BCS Flashback: Was It Pass Interference?

12/26/13 in NCAAF   |   BlakeLovell   |   86 respect

November 24, 2012; Columbus, OH, USA; Ohio State Buckeyes former coach Jim Tressel is held by players from his 2002 National Championship team in a game against the Michigan Wolverines at Ohio Stadium.   Mandatory Credit: Greg Bartram-USA TODAY SportsThe fifth national championship game in the BCS era may have been the most controversial.

The 2003 Fiesta Bowl featured the undefeated Miami Hurricanes taking on the undefeated Ohio State Buckeyes at Sun Devil Stadium in Tempe.

Both teams came in with an assortment of talent, which you would obviously expect to be the case of two teams playing for the national title.

Miami had players like Ken Dorsey, Willis McGahee, Andre Johnson, Jonathan Vilma, Antrel Rolle, and Sean Taylor. Ohio State featured freshman sensation Maurice Clarett, Craig Krenzel, Chris Gamble, and Michael Jenkins.

All of the talk entering the game was whether or not Ohio State could do what no other team had done in 34 games -- put a blemish on Miami's record.

Larry Coker's team was a heavy favorite coming in, 11 1/2 point favorites according to Vegas, and all signs seemed to point to a second consecutive national championship.

And, when a pass from Krenzel went through the hands of Gamble on a 4th-and-3 in overtime, it looked like that was the case.

Miami rushed the field and began celebrating another national title.

But then it happened. Field judge Terry Porter released a yellow flag from his hand that would change history. Pass interference was called on Miami cornerback Glenn Sharpe, giving the Buckeyes an automatic first down and a chance to extend the game. Ohio State scored and sent it to double overtime.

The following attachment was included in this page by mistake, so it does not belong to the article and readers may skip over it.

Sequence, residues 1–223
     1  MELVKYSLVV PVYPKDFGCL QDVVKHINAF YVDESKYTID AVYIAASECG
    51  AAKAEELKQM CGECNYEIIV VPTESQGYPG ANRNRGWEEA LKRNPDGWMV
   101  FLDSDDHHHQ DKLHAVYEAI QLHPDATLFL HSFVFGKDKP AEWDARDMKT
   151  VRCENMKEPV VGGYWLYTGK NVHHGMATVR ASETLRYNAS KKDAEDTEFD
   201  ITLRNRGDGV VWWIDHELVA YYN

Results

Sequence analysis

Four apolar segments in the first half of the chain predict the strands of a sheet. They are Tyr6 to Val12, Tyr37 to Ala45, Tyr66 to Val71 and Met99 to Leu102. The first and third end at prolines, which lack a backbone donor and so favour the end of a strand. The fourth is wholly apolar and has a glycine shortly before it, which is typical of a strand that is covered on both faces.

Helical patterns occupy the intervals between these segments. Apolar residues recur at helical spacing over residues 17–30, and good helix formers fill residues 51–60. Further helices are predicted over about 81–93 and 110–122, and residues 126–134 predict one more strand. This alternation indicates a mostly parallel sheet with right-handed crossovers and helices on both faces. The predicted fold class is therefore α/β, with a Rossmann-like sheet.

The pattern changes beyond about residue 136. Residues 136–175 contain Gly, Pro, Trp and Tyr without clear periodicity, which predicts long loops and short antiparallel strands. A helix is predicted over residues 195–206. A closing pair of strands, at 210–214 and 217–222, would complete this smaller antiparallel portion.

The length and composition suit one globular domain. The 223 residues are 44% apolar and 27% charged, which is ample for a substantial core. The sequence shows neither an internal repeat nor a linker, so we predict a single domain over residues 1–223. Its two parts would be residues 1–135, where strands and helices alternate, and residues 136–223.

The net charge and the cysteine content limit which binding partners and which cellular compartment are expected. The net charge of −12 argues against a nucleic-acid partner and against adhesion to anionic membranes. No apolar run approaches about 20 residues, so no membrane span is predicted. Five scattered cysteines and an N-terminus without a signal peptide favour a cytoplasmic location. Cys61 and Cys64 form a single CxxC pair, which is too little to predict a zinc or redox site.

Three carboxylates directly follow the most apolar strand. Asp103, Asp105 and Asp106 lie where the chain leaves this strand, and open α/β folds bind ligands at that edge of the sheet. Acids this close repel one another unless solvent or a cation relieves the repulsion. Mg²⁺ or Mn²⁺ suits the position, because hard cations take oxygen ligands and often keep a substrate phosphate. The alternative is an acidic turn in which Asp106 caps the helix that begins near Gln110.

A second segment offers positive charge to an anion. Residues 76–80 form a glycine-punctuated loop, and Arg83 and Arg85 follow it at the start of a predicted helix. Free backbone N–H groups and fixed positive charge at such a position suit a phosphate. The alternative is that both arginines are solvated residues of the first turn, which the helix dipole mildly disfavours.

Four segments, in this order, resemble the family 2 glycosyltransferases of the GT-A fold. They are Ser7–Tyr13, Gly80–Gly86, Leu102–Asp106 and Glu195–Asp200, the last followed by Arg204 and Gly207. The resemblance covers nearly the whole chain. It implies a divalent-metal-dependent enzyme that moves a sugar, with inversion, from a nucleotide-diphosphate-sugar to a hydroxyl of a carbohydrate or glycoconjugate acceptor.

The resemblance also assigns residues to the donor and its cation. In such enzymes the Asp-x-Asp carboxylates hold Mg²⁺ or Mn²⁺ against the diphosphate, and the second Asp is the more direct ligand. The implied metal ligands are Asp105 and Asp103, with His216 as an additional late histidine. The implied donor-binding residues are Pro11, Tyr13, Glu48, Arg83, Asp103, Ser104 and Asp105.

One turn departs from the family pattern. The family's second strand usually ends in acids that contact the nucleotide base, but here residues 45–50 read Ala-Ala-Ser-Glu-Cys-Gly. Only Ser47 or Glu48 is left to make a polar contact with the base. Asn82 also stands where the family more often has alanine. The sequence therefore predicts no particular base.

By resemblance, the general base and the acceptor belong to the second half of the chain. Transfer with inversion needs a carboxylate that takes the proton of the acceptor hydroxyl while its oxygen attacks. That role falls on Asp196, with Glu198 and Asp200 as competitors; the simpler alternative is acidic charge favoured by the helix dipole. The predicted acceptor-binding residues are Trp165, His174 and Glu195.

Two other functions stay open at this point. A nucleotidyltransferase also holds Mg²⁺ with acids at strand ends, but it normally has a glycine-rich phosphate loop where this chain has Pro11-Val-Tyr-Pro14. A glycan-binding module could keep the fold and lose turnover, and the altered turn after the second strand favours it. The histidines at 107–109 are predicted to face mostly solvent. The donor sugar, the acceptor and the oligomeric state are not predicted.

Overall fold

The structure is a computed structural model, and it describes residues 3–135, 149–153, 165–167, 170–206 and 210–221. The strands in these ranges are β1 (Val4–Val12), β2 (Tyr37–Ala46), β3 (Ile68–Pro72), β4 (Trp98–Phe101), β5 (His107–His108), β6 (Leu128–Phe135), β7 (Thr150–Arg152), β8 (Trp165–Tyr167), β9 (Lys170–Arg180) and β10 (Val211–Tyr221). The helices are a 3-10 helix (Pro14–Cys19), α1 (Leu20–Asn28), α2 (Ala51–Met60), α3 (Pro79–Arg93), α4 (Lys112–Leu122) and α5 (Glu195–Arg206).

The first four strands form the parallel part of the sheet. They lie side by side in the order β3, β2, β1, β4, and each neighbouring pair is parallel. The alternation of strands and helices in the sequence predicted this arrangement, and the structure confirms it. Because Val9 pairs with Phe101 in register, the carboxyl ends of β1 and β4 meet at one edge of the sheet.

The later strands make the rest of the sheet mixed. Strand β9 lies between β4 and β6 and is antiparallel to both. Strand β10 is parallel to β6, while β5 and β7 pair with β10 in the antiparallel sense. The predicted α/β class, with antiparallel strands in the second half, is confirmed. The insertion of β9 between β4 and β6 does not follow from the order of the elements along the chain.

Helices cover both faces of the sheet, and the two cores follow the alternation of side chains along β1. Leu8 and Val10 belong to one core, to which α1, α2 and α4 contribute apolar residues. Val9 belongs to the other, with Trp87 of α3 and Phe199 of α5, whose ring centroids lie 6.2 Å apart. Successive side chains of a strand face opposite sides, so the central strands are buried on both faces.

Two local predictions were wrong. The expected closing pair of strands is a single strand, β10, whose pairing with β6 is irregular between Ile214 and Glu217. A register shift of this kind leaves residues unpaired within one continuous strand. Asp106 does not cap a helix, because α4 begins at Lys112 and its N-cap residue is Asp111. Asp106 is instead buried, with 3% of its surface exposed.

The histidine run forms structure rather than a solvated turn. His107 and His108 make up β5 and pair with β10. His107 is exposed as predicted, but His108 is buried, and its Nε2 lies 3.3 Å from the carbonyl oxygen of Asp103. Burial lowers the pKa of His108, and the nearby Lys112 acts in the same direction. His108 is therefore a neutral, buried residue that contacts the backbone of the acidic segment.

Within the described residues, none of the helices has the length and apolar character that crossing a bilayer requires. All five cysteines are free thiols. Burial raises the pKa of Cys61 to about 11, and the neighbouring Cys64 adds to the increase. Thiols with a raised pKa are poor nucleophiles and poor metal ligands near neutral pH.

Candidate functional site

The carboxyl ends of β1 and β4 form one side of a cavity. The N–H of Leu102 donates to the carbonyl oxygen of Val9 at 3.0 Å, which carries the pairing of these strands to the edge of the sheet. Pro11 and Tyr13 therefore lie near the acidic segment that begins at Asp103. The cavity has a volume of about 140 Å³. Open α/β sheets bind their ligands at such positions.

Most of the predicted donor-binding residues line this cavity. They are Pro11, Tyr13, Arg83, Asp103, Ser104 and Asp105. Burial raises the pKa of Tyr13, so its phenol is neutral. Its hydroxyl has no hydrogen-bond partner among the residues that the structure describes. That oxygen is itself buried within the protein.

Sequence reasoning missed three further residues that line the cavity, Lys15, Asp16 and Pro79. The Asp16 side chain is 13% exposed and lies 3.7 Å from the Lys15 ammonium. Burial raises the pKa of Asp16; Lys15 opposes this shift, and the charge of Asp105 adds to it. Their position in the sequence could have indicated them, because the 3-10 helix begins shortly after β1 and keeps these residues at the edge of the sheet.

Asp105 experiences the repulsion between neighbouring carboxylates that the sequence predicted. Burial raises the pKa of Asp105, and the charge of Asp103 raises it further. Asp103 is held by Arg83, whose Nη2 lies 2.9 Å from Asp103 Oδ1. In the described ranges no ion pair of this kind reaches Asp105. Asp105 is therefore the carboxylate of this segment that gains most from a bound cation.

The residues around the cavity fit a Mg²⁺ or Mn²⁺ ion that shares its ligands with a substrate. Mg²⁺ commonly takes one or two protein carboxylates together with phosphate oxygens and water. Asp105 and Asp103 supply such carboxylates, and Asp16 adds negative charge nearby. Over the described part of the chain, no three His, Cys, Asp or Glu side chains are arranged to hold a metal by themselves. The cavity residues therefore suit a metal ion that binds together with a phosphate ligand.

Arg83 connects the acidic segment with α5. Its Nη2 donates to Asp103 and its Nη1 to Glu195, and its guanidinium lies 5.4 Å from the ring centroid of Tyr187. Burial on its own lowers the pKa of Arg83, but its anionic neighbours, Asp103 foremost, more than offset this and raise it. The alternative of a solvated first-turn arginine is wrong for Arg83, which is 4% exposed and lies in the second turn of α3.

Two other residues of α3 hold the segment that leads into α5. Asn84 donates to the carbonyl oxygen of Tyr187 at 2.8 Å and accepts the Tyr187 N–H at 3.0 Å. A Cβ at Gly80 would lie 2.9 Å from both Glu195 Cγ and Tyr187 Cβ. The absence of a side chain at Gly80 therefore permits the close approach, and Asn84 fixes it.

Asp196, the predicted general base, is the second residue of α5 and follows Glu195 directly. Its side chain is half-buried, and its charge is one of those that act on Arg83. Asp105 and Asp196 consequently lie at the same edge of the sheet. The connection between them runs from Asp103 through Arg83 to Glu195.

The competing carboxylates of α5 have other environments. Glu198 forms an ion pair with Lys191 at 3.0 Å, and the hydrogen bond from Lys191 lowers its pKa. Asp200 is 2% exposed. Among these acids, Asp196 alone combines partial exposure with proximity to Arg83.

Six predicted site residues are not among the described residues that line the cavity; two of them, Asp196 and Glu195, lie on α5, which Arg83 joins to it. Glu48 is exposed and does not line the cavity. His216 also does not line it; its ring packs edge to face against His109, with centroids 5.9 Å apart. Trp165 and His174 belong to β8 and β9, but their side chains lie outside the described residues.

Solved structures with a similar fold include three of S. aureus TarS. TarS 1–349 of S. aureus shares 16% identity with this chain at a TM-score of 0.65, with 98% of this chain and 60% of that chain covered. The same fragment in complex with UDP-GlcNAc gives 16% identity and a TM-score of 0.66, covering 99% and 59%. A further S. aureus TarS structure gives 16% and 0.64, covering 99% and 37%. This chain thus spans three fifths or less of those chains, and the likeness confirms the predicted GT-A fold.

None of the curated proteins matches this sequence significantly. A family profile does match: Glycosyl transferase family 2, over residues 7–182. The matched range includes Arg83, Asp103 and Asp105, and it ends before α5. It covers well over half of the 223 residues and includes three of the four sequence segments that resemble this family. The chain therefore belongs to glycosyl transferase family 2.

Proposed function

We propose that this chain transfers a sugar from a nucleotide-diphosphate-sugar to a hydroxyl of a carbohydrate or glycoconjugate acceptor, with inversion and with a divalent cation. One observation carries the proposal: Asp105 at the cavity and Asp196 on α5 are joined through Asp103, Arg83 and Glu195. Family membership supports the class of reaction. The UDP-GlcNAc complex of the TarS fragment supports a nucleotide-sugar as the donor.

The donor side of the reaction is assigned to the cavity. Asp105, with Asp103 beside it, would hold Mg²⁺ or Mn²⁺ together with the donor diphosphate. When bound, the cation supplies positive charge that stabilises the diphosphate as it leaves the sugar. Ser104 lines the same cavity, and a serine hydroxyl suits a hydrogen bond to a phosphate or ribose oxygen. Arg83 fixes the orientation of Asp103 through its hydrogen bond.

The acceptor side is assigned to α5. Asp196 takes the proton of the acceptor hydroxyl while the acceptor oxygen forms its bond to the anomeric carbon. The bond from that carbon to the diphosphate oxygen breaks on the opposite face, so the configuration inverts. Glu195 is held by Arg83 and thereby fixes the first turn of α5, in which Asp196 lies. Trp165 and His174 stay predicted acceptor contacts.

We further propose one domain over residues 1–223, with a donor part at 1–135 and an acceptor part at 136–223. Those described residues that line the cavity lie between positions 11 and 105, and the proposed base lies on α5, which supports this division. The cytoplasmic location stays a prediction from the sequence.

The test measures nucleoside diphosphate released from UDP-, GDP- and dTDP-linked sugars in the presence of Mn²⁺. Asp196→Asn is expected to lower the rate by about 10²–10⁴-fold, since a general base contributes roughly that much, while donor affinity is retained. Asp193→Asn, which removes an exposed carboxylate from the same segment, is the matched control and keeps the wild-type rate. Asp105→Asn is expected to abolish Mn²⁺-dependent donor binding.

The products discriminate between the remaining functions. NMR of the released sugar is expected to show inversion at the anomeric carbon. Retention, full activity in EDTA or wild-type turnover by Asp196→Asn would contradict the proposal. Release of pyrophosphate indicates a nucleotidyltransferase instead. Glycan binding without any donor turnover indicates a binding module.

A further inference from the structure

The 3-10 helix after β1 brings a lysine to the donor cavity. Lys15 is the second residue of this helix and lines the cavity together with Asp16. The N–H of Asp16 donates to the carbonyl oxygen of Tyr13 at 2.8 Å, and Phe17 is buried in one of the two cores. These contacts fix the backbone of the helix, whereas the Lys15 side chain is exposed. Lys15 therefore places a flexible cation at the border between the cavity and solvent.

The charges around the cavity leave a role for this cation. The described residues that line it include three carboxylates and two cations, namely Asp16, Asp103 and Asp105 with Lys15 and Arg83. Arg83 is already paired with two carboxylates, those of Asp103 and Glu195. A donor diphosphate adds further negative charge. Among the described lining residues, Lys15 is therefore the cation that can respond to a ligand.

After scoring on its first possession, the Buckeye defense came up with a huge stop on Miami's final attempt from the one-yard line. The game was over. The double-digit underdogs had halted Miami's winning streak and won the 2003 national championship.

Of course, controversy quickly followed. Was Porter's call the right one?

It's a topic that is still debated to this day. Ohio State fans will tell you that it was, Miami fans will tell you that it wasn't. Neutral fans seem to be somewhere in the middle.

What is normally lost in all of this though was just how great of a college football game this was. From start to finish, the game lived up to the hype and delivered on so many levels. There's no doubt that it's one of the best national title games we've ever seen.

So, about that pass interference call. Did Porter get it right?

What are your memories of the 2003 national title game? Let us know by commenting below! For more college football talk, follow @FanIQ or myself on Twitter!

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